Reliability is one of the key issues that designers face when creating a PCB for a transportation product. Cars and trucks are expected to withstand extreme temperatures and rigorous conditions throughout their lifecycle; and this includes the printed circuited boards and components used in the design. It is no secret that the automotive industry has faced this challenge for many years; but by adding more electronic modules, selecting the right materials and components becomes even more important. Choosing between a low-temperature, co-fired ceramic and a high-temperature FR-4 could mean the difference of a few cents or more for each PCB in the system. Taking into account the number of cars one company manufactures in a year, those few pennies can have a significant impact on the overall margin of each vehicle.
Fig. 1: Upfront system planning in a single environment addresses multiple engineering disciplines. For full resolution click here .
Reliability is also tied to the issue of the wide array of the latest features and interfaces that come with cars today. Most cars have optional navigation systems, portable music interfaces, and Bluetooth hands-free systems to choose from, and all of these options introduce a new set of concerns during product development: signal integrity, analog simulation, RF analysis, and EMC studies are becoming an integral part of the design process. What makes the problems unique for automotive engineers is that in addition to dealing with the range of power supplies introduced into the PCB that is typically seen in consumer products, they are also working with other large voltage and current supplies throughout the system of the car to make it operational.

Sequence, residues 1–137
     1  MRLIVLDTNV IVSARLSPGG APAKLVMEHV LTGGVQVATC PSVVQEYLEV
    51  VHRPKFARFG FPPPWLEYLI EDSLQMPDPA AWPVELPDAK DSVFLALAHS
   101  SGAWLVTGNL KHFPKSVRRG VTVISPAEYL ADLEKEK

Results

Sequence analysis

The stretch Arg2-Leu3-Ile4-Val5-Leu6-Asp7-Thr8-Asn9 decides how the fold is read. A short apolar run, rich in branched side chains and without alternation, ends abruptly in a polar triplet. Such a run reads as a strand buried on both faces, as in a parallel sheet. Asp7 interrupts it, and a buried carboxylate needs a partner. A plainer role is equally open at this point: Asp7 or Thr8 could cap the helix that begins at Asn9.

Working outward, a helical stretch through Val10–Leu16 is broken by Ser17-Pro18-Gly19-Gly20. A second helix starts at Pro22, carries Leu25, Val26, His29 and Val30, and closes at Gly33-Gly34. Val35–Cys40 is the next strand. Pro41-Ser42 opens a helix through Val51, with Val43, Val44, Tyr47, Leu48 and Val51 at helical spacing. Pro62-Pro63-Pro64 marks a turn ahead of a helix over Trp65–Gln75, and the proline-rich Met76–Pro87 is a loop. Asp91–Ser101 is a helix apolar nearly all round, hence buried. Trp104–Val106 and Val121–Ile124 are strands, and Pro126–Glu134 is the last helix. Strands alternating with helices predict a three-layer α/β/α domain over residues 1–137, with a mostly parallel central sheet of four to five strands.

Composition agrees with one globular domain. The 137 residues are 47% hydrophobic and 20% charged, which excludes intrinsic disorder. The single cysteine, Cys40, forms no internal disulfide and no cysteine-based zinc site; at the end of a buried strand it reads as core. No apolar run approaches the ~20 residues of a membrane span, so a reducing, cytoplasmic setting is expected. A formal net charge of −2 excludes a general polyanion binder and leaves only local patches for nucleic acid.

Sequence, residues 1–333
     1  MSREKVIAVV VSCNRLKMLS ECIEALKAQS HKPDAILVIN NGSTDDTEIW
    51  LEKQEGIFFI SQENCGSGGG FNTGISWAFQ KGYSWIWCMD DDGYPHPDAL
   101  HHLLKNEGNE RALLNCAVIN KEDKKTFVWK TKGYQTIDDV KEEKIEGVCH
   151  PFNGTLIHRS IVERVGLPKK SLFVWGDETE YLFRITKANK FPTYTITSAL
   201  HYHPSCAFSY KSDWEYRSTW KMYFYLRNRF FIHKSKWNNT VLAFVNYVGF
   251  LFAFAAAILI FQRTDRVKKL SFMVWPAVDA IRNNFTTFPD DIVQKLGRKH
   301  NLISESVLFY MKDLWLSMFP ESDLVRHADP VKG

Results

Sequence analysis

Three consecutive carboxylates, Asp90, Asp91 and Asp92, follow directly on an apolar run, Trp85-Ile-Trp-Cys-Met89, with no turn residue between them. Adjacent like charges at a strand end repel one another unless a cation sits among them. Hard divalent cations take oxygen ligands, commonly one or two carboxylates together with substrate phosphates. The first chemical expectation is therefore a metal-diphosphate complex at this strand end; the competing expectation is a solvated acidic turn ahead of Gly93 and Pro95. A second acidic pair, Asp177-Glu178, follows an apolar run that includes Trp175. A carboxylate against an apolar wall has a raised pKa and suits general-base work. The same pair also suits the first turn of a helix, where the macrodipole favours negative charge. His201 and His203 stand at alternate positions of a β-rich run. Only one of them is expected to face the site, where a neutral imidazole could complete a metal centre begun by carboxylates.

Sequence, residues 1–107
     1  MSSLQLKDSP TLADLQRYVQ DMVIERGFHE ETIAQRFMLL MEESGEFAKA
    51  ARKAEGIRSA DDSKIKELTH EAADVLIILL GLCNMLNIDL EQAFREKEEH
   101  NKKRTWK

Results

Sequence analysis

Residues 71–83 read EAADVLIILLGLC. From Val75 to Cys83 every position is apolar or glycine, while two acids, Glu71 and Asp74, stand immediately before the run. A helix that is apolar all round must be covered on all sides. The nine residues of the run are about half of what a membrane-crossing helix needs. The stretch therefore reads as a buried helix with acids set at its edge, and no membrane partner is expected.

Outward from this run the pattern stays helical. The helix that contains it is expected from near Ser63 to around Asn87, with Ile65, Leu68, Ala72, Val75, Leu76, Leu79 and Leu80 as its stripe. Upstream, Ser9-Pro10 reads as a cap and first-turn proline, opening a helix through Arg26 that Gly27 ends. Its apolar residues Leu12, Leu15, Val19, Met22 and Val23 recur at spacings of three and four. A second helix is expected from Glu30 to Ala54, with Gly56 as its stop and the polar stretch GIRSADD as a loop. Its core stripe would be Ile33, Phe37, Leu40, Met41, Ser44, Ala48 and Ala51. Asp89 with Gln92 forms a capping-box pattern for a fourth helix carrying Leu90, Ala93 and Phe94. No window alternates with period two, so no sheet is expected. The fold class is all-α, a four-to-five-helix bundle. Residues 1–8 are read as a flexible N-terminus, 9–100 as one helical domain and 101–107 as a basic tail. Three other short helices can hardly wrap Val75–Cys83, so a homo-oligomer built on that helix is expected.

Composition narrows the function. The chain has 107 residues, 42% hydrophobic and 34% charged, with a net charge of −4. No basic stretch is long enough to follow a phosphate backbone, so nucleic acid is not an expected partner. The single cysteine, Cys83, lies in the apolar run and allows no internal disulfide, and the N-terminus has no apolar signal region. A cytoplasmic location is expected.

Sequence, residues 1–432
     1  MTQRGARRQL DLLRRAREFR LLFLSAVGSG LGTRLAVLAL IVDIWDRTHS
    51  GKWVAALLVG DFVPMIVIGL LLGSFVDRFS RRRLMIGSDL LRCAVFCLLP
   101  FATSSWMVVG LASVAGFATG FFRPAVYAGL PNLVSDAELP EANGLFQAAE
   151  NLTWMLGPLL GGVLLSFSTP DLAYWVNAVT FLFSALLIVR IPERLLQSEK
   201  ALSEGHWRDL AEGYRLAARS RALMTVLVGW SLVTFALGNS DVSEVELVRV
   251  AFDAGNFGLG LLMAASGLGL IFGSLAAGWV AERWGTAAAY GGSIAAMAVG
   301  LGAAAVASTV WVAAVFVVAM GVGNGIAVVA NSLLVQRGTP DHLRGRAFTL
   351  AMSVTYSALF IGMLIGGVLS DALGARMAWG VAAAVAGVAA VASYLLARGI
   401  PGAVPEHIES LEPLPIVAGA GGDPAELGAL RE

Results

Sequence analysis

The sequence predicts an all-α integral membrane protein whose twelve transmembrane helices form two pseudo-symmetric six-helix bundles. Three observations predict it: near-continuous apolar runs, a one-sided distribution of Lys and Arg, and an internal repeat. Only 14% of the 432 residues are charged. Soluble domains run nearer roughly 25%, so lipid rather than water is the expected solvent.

With these elements in mind, ensuring that signal quality and cross talk interference are maintained within specifications is essential. Throw in the fact that some cars include memory and SuperSpeed USB, and engineers are now dealing with constraint management issues along with the need to conduct